Description By using digital mirror devices to control the shape of a pulse of laser light, we can pattern materials down to sizes that are below one micron in a single laser pulse. Such image-based patterning is a very effective, very fast, and very manufacturing-friendly approach to materials research, and is attracting attention from several laser companies
Exploitation Route Within the manufacturing sector, any industry that wants to achieve fast and high precision laser-based materials processing is likely to take an interest as the process is simple, fast and high precision.
Sectors Aerospace, Defence and Marine,Digital/Communication/Information Technologies (including Software),Electronics,Manufacturing, including Industrial Biotechology

URL http://www.orc.soton.ac.uk/people.html?person=rwe
 
Description We have published our results, and also presented to several conferences. We also have engaged with UK industry and laser companies as project partners in particular in the areas of security encoding and marking.
First Year Of Impact 2014
Sector Aerospace, Defence and Marine,Digital/Communication/Information Technologies (including Software),Manufacturing, including Industrial Biotechology,Security and Diplomacy
Impact Types Economic

 
Description EPSRC call
Amount £1,768,136 (GBP)
Funding ID EP/P027644/1 
Organisation Engineering and Physical Sciences Research Council (EPSRC) 
Sector Academic/University
Country United Kingdom
Start 07/2017 
End 06/2022
 
Description EPSRC fellowship scheme in manufacturing - awarded to a researcher co-I emplyed on this grant
Amount £861,709 (GBP)
Funding ID EP/N03368X/1 
Organisation Engineering and Physical Sciences Research Council (EPSRC) 
Sector Academic/University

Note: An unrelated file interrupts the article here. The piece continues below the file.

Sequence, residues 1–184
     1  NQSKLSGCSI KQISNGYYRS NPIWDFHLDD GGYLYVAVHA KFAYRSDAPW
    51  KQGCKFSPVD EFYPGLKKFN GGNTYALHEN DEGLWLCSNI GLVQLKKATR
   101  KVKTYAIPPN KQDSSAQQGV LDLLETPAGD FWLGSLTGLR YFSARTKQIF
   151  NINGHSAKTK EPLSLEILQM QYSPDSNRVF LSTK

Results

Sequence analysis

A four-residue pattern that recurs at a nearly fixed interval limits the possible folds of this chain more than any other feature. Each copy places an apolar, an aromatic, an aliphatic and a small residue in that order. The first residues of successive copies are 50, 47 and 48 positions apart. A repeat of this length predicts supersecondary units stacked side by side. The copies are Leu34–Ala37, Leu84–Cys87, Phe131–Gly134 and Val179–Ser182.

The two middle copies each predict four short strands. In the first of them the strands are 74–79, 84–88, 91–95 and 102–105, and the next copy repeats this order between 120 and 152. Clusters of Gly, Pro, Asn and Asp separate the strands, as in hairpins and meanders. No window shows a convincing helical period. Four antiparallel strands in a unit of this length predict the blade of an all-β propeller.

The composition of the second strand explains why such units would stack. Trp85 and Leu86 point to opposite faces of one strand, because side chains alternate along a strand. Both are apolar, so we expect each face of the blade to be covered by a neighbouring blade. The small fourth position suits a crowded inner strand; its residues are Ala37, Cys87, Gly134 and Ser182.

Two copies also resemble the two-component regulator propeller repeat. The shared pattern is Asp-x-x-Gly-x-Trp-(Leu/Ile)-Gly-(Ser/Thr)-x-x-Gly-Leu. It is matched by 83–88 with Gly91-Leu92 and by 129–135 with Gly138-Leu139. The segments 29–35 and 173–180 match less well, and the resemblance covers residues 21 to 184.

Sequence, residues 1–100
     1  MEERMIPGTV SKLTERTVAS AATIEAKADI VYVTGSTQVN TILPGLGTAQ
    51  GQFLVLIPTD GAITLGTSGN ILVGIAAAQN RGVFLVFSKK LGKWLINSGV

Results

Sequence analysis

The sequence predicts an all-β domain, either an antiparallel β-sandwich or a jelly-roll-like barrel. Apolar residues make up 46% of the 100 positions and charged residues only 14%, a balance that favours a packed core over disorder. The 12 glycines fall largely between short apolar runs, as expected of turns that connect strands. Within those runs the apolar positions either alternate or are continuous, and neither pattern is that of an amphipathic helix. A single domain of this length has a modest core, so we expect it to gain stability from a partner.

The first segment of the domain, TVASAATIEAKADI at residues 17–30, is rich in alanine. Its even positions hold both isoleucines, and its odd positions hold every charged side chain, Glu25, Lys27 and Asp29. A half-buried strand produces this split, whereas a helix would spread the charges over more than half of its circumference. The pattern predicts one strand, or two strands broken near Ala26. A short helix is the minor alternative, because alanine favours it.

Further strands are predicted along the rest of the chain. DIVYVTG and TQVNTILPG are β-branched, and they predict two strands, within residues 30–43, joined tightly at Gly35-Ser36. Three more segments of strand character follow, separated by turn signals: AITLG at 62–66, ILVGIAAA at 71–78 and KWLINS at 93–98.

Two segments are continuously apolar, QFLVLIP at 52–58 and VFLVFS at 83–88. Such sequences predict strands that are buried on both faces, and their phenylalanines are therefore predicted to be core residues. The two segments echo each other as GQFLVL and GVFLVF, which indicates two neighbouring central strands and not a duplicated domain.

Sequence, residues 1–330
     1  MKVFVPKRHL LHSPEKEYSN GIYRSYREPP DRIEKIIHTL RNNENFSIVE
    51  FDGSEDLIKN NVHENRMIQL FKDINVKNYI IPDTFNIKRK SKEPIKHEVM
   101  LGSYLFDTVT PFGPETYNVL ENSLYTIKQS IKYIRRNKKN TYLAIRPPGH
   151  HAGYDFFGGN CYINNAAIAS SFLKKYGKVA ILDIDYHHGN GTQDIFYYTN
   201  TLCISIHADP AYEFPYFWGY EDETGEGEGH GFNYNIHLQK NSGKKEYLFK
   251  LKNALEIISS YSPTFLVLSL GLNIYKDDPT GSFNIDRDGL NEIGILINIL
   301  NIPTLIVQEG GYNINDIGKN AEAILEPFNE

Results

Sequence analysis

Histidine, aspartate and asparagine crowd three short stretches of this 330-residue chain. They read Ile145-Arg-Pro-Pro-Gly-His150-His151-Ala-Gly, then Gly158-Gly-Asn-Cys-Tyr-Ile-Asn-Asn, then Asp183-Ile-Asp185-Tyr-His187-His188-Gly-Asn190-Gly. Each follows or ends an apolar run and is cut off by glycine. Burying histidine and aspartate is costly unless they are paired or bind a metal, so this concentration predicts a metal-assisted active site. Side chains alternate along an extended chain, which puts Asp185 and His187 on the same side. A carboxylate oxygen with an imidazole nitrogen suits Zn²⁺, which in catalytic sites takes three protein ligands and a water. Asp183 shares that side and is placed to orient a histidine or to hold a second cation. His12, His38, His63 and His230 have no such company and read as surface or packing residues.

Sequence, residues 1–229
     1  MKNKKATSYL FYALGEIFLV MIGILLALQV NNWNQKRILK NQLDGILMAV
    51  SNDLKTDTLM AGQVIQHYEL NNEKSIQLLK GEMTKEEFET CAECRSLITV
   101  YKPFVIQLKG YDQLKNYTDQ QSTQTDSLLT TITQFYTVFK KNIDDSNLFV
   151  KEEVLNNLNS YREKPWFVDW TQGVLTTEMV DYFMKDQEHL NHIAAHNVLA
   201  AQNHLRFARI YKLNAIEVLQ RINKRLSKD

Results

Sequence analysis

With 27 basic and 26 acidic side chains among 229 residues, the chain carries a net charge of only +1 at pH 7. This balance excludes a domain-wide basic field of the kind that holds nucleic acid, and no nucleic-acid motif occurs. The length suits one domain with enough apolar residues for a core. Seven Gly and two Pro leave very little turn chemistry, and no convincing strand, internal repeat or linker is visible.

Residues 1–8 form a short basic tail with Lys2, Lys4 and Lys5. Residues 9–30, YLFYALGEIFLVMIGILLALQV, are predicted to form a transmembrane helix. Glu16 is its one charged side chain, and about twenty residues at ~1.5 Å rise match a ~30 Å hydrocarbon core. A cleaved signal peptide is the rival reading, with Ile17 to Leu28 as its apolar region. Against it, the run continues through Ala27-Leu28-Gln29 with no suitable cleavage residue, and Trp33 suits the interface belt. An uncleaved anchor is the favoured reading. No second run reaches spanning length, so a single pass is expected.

Country United Kingdom
Start 11/2016 
End 10/2021
 
Description De La Rue 
Organisation De La Rue
Country United Kingdom 
Sector Private 
PI Contribution We engaged in repeated discussions with De La Rue about the application areas that would be enabled by our laser forward-transfer technique for security and encoding applications. The company was keen to take this forward if we received subsequent funding.
Collaborator Contribution Dr Peter Cooper from De La Rue visited us twice and the team then visited De La Rue to pursue possible collaborations. Much was gained by these joint discussions, and ideas that we learned led directly to the award of an EPSRC Early Career Fellowship for one of the team members
Impact This collaboration led to the award of an EPSRC Early Career Fellowship for one of the team members, as described in the Further Funding section
Start Year 2014
 
Description Laser Micromachining Limited 
Organisation Laser Micromachining Limited
PI Contribution we engaged in extensive discussions with this company about the usefulness of our precision manufacturing process for real industrial need.
Collaborator Contribution They hosted several visits, including a week-long stay to trial our portable laser-processing prototype. They also provided regular feedback on our work in the context of practical laser-based machining.
Impact the real outcome was information supplied to us based on their knowledge of laser-based processing, as applied to customer need. Having access to 'market' need as opposed to academic inside views is vital.
Start Year 2014